Recent studies describing the mutational landscape of head and neck squamous cell carcinoma (HNSCC) on a genomic scale by our group and others, including The Cancer Genome Atlas, have provided unprecedented perspective for understanding the molecular pathogenesis of HNSCC progression and response to treatment. These studies confirmed that mutations of the TP53 tumor suppressor gene were the most frequent of all somatic genomic alterations in HNSCC, alluding to the importance of the TP53 gene in suppressing the development and progression of this disease. Clinically, TP53 mutations are significantly associated with short survival time and tumor resistance to radiotherapy and chemotherapy in HNSCC patients, which makes the TP53 mutation status a potentially useful molecular factor for risk stratification and predictor of clinical response in these patients. In addition to loss of wild-type p53 function and the dominant-negative effect on the remaining wild-type p53, some p53 mutants often gain oncogenic functions to promote tumorigenesis and progression. Different p53 mutants may possess different gain-of-function properties. Herein, we review the most up-to-date information about TP53 mutations available via The Cancer Genome Atlas-based analysis of HNSCC and discuss our current understanding of the potential tumor-suppressive role of p53, focusing on gain-of-function activities of p53 mutations. We also summarize our knowledge regarding the use of the TP53 mutation status as a potential evaluation or stratification biomarker for prognosis and a predictor of clinical response to radiotherapy and chemotherapy in HNSCC patients. Finally, we discuss possible strategies for targeting HNSCCs bearing TP53 mutations. J. Cell. Biochem. 117: 2682-2692, 2016. © 2016 Wiley Periodicals, Inc.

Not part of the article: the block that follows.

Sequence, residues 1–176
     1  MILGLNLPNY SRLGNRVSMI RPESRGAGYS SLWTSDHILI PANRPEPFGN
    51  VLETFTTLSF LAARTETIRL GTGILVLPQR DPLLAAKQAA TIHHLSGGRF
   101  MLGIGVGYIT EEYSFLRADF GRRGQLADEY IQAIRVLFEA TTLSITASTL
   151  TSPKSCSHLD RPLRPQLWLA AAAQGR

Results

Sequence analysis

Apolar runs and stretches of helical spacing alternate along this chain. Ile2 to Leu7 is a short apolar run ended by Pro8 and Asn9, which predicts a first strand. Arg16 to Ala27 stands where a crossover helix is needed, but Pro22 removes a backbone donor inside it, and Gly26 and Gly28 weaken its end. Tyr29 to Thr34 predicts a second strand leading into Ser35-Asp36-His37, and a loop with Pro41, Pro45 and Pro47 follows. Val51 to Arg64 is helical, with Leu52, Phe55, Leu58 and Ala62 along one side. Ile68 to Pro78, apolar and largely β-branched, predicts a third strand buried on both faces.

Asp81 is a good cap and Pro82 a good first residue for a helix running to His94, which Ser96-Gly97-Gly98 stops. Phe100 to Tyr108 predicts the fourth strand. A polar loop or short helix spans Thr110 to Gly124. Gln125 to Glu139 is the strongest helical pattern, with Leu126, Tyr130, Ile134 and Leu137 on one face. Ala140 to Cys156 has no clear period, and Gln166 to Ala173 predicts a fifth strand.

Keywords: GAIN-OF-FUNCTION; HEAD AND NECK SQUAMOUS CELL CARCINOMAS; HNSCC; P53 MUTATION; p53.
© 2016 Wiley Periodicals, Inc.